As I ponder the question, “What are some of my traditions and practices associated with Holy Week?” memories of my childhood and the church I grew up in come flooding in. It was a traditional Baptist church, so we held close to the church calendar, and that meant we were at church A LOT during Holy Week.
Here’s a brief summary of how my younger, more obnoxious self would summarize this week:
Palm Sunday: “Why am I being handed a leaf in the shape of a cross when I leave church?”
Maundy Thursday: “Why is it called ‘Monday’ Thursday … and why are we at church on a Thursday?!”
Good Friday: “Does this community Easter Pageant really need to take 3 hours?”
Easter Sunday: “Sunrise services are the worst and I’m allergic to all these flowers–but at least there are pancakes!”
Of course, these are gross oversimplifications. As I look back, I realize that while I had a basic understanding of what each of these events signified, I had very little appreciation for the narrative they created together and the greater picture of Jesus they painted.
The disciples themselves had a similar issue with understanding exactly what was happening in the moment and the things Jesus was telling them were to come (Luke 18:34; John 13:7). Eventually, it began to click for them (John 16:29-31).
This has been my experience. As I have matured and my faith has matured, the events of Holy Week become more clear and meaningful to me each year. It took me a while to realize that this was happening, but once I did, I have made it a goal to seek out new and better understanding each year.
Often, this has been a slow, arduous discipleship journey into what Christ did, and continues to do through the events of this one week. Whether it is praying for better understanding; meditating on the gospel accounts of the Upper Room, Passion, and Resurrection; or worshiping in response to all he has done, God is always faithful and the work is worth it!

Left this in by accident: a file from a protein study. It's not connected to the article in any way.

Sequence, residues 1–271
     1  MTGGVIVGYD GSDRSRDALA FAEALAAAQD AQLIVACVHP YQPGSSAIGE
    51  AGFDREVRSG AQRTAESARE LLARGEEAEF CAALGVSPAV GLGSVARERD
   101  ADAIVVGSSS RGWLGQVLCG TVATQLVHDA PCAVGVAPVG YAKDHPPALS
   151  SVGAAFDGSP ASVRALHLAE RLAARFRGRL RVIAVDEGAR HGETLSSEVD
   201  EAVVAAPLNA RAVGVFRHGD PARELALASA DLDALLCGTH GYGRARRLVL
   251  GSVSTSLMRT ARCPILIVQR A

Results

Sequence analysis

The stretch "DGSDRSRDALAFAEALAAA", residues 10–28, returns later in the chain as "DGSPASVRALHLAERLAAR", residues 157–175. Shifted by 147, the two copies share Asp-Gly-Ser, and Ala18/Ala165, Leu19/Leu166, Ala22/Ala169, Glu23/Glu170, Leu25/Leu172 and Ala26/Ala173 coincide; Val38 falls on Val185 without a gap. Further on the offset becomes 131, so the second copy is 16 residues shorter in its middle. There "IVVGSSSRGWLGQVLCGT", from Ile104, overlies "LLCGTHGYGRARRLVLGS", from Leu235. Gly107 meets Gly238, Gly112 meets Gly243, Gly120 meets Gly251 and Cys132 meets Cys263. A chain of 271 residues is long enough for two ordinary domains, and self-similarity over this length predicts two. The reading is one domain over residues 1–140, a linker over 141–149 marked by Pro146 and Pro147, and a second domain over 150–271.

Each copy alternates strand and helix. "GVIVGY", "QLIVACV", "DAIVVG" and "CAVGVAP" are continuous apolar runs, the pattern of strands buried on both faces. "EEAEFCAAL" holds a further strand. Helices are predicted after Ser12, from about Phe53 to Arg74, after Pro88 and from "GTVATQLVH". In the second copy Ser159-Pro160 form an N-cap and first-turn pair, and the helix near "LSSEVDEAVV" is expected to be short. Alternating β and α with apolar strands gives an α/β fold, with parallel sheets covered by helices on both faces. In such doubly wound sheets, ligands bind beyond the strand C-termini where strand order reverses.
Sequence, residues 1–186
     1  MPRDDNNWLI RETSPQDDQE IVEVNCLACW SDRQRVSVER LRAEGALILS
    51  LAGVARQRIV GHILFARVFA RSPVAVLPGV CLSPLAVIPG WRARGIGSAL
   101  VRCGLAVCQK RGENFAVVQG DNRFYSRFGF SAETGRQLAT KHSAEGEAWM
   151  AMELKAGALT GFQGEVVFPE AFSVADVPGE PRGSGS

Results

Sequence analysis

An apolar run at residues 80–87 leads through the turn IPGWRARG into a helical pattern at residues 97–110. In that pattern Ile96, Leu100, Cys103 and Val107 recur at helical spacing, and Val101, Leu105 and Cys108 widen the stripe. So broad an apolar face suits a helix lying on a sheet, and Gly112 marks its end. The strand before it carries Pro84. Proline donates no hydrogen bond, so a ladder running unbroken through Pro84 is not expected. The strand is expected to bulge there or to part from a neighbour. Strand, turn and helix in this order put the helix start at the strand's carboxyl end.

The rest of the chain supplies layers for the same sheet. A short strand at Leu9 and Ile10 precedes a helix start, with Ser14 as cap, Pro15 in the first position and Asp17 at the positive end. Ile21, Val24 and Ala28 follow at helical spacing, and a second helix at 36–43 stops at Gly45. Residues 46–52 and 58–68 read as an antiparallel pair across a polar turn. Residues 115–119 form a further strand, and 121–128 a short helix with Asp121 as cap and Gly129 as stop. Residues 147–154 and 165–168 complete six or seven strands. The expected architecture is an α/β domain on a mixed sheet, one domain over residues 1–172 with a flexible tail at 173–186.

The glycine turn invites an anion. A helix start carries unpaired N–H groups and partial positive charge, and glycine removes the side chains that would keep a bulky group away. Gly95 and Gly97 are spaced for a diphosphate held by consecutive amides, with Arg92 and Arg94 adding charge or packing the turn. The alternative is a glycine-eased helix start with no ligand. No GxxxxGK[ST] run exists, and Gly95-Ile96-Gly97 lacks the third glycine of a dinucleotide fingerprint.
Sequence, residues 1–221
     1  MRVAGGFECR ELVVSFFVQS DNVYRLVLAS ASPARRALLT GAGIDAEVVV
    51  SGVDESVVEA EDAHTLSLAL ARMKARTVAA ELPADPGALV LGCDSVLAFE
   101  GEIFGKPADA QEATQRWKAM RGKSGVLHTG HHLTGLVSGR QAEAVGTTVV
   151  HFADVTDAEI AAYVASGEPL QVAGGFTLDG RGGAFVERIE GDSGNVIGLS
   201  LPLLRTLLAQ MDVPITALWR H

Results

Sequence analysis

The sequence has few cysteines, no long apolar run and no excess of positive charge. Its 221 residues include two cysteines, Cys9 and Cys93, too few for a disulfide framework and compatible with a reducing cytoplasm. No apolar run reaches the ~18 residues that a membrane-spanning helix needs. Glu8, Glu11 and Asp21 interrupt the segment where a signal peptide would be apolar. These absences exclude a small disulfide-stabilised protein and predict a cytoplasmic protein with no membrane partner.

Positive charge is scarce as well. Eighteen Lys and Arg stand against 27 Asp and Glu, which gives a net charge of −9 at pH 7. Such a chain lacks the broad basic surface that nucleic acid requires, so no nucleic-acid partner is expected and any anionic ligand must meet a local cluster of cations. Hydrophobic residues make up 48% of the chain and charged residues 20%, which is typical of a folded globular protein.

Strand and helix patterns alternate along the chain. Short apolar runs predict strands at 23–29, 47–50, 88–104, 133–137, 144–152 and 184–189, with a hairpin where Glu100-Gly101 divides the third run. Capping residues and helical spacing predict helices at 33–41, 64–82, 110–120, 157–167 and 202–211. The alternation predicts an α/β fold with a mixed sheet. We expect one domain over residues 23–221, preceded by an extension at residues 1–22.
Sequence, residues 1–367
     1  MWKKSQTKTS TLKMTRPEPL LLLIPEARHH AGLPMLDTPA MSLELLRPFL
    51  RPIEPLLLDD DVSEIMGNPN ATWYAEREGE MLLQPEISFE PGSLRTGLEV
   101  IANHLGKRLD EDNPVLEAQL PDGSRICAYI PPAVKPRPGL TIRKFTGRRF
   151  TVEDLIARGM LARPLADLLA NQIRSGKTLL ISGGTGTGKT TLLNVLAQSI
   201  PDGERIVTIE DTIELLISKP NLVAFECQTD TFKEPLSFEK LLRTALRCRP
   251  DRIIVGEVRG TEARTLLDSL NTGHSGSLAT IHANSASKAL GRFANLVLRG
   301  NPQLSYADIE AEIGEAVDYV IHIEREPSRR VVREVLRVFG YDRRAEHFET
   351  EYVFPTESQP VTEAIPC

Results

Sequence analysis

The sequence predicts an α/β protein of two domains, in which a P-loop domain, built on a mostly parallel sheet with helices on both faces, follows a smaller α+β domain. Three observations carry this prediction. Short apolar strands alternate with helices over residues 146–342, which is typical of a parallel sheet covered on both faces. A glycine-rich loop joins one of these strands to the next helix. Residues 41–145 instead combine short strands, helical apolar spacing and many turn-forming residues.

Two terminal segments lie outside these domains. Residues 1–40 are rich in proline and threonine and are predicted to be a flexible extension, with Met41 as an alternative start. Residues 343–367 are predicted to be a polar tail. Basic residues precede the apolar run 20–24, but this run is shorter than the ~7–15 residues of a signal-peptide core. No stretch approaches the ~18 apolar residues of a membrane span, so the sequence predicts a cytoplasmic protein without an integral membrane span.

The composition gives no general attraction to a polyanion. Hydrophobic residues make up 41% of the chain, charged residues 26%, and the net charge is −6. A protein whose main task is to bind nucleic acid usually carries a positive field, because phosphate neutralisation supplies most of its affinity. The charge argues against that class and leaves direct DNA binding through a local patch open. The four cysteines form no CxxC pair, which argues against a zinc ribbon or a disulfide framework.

This year, however, this journey has looked a little different.
I am currently leading a group of 7th and 8th graders through the Gospel of John on Monday evenings. Almost half of this Gospel takes place during Holy Week, and a large chunk of that is the last 24 hours leading up to the crucifixion. While the timing of this was unintentional, this is what we have been studying these last 2 weeks leading up to Easter.
What began as Bible study to teach Middle School students how to read scripture has turned into so much more. You can hear the genuine curiosity in their questions. They want to know: “If Jesus knew Judas was going to betray him, why didn’t he stop him?” (John 13:26) and “What exactly is the Holy Spirit and why does Jesus have to go away for us to get it?” (John 16:7).
I probably never would have asked a question like that at their age (see summary above). But it is evident in being with them, these students have a passionate desire for knowing Jesus and are inspiring me to look again at the events of the week leading up to Easter with fresh eyes.
I pray that this Holy Week all of us can be inspired by the innocence and honesty of asking questions and pursuing Jesus. And that when we worship, alone or together at a service this week, it will be in awe and wonder at all the amazing ways he has shown his love for us!
Walking with you this week on the discipleship journey with Jesus.
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